A country manor murder mystery and a cancer comedy-drama provide hit-and-miss entertainment
The patient has come to see a doctor because of several serious bruises. After learning the diagnosis, the patient has to renew family relationships that had atrophied over the last 20 years.
That could be the synopsis of any number of plays and movies that came out during the AIDS crisis of the 1980s and early ’90s. But "Marvin’s Room," now onstage at the Contemporary Theatre of Dallas, has no gay characters in it. The patient is a woman with leukemia who had a falling out with her sister and now cares for her demented, dying father.
But make no mistake: "Marvin’s Room" belongs among that canon of gay plays that includes "The Normal Heart," "As Is" and others. Here’s why.
Like Tony Kushner and Craig Lucas, "Marvin" writer Scott McPherson treats AIDS metaphorically, but he does so without the element of fantasy that "Angels in America" and "Prelude to a Kiss" rely on. There is no mysterious body-switching, no heavenly interventions. It’s just someone dying of a terminal disease with no real chance at salvation, forced to confront a family that would prefer to forget her. There’s a revelation about a dead lover no one ever knew about, and the title character and location are never seen — kept out of sight with the hope it will just go away.
It’s on that level that "Marvin’s Room" succeeds; the play otherwise lacks structure and pacing. It has the tone of something feverishly written — many short scenes that don’t flow especially well into each other, but from the heart.
This production, as directed by Cynthia Hestand, has a frustrating static quality. Nearly half the scenes involve the characters sitting or lying next to each other, with very little action. Scott Kirkham’s dull set — it’s all black and white scenery and serviceable furniture — fails to add any visual flair.
McPherson does provide a surprising light touch. This may be the most comic play about cancer ever, a fact magnified when Nye Cooper is onstage. As a quack doctor, he turns a small part into a comedic jolt that makes the play far less treacly than the subject matter would suggest.
Cooper isn’t the only good one in the cast. Matt Savins projects a breezy likeability alongside intensity as a troubled teen; as his free-spirited mother, Sue Loncar is most effective in her best final scene, when her character goes from nagging mom to heartbroken parent. But Cindee Mayfield steals the show. She’s vulnerable and sad, funny and sweet by turn. Mayfield makes all the sitting and talking feel real.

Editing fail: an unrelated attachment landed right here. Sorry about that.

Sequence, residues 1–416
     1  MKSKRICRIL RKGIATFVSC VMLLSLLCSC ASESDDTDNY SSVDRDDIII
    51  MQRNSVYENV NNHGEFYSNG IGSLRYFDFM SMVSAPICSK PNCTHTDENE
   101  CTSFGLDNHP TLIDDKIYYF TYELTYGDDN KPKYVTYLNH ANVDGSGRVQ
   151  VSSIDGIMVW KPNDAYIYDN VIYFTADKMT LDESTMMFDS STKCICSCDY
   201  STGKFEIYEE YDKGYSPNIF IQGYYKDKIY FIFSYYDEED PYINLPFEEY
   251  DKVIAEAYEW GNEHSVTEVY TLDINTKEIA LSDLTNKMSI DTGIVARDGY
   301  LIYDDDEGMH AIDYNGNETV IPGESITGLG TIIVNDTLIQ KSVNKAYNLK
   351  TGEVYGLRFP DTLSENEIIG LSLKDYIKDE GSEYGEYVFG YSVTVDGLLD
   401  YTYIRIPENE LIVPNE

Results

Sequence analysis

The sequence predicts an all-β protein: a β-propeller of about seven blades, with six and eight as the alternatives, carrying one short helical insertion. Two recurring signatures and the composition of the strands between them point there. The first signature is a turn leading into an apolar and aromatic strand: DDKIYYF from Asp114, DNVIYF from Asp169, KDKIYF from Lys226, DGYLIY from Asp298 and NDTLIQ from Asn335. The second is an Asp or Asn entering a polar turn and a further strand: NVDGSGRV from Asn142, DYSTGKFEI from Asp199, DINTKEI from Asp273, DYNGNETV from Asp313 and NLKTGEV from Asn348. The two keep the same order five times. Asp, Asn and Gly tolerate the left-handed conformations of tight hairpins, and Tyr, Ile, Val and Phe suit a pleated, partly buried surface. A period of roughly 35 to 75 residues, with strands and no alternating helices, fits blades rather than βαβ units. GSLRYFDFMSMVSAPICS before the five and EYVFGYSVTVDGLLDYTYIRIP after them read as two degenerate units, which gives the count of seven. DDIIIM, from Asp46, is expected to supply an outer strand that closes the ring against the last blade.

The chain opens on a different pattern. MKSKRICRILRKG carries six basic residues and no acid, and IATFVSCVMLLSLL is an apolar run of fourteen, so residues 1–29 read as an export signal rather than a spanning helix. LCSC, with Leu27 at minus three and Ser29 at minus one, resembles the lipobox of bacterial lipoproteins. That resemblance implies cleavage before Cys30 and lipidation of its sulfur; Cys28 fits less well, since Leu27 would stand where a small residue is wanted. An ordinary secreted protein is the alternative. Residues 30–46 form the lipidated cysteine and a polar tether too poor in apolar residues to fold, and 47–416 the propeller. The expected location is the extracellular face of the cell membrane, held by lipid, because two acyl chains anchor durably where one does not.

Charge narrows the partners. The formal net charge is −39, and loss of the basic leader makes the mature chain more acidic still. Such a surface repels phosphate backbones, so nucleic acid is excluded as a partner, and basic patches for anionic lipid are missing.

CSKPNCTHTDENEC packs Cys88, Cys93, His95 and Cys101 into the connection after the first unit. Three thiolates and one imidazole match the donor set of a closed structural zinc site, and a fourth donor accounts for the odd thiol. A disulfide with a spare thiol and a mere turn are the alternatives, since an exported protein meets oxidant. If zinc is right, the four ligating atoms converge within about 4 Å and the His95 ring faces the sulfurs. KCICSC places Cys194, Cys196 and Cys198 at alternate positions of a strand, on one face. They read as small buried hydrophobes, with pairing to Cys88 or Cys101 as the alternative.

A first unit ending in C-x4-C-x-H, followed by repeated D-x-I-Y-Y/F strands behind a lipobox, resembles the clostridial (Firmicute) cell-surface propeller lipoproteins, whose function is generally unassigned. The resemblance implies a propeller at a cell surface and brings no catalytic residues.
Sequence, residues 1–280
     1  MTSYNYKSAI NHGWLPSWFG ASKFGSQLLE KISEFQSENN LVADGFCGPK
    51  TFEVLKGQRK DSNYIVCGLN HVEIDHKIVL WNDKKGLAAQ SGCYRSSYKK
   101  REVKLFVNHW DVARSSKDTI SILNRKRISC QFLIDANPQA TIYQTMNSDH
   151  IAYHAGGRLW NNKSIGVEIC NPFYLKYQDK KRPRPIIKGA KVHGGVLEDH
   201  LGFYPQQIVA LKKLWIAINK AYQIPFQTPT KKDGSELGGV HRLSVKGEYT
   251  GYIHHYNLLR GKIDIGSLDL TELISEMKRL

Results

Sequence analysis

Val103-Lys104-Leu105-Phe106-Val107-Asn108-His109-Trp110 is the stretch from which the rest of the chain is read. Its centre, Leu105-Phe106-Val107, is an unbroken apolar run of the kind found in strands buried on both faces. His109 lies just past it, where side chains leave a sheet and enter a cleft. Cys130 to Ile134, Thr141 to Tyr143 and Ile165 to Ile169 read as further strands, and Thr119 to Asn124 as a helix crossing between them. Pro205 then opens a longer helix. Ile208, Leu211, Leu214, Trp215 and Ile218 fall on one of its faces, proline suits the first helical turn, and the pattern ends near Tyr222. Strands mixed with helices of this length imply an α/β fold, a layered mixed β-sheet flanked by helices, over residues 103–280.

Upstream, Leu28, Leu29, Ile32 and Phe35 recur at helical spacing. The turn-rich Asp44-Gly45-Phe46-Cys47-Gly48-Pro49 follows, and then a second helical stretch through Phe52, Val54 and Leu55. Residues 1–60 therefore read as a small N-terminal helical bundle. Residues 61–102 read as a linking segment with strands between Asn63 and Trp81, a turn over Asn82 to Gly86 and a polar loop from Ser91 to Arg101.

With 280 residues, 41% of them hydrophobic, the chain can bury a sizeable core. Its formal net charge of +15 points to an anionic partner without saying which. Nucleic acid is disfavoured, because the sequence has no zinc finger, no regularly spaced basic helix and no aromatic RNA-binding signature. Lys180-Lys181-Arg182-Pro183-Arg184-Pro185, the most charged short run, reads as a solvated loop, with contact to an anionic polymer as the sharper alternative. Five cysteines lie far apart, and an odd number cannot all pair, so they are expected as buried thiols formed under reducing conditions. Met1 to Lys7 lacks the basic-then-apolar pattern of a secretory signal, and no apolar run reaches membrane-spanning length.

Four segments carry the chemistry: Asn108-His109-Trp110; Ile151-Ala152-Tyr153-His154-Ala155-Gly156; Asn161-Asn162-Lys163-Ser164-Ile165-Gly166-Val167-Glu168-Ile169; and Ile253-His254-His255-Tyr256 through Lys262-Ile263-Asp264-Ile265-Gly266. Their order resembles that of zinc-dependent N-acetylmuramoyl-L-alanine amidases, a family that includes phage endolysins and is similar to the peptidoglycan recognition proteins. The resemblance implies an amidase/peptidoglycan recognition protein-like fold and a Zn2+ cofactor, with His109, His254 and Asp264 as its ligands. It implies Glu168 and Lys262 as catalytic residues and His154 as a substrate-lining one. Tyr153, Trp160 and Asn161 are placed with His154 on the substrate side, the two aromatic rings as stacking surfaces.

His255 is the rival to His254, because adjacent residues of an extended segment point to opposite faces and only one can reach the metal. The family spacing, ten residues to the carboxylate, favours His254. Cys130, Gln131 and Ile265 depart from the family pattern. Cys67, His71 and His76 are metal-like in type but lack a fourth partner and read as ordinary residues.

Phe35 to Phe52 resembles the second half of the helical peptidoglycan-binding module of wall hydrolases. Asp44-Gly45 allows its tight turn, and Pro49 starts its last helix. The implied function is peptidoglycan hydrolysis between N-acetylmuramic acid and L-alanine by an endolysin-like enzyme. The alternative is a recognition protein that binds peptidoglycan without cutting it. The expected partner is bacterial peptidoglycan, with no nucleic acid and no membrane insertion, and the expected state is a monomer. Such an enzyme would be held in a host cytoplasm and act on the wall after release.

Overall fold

"Marvin’s Room" may contain a dying man, but the parlor in "Whodunnit" is a murder scene. At least it is by the end of act 1, when the villain finally gets decapitated after threatening every other resident of a musty English countryside estate. But this drawing room comedy-thriller, written by "Sleuth" scribe Anthony Shaffer and now in a production at Theatre Three, almost dies before the victim.
I say "almost" because, despite an exposition-heavy first act, the play gets rolling in the second half. In the same way "Scream" reinvented the slasher film by deconstructing it — all the characters knew they were participants in a cut-’em-up — "Whodunnit" takes the creaky format of an Agatha Christie locked-room murder mystery and both mocks and mimics it. When the police inspector begins his investigation, he acknowledges all the gimmicks of the genre, as if solving the crime were just a game that will be resolved in the last chapter.
It’s a clever idea. The problem is, by intermission — before you realize what Shaffer is up to — you’re already miffed at its old-fashioned style and lame jokes. Redemption of a sort arrives when we learn of drag queens, a gay romance and when the killer is finally revealed. You leave the theater in a better mood than when you went in.
The problem remains with the first half of Shaffer’s script. Even actor Bob Hess, Dallas’ resident master of outrageous accents, can’t squeeze much humor out of the evil blackmailer Andreas Capodistriou, who all but twirls his moustache before tying a girl to the traintracks. When Hess becomes the detective and the unlikelihoods of act 1 reveal themselves as red herrings, he finally gets some good lines that don’t seem caricaturish.
Mark Shum and Carrie Bourn have the perfect stage temperaments to make such frothy nonsense work. Shum, a veteran of many Theatre Britain pantos, has the best English accent in the cast. Bourn, with her Cupid’s-bow lips and close-set eyes, is ideal for light comedies where she gets to overplay — she’s Dallas’ answer to Renee Zellweger.
"Marvin’s Room," presented by Contemporary Theatre of Dallas. Greenville Center for the Arts, 5601 Sears St. Through April 27. Thursdays at 7:30 p.m., Fridaysâ€“Saturdays at 8 p.m., Sunday matinees at 2 p.m. $27â€“$32. 214-828-0094.
"Whodunnit," presented by Theatre Three. Through May 4. Thursdays, Sundays and April 7 at 7:30 p.m., Fridaysâ€“Saturdays at 8 p.m., weekend matinees at 2:30 p.m. $10â€“$40. 214-871-3300.
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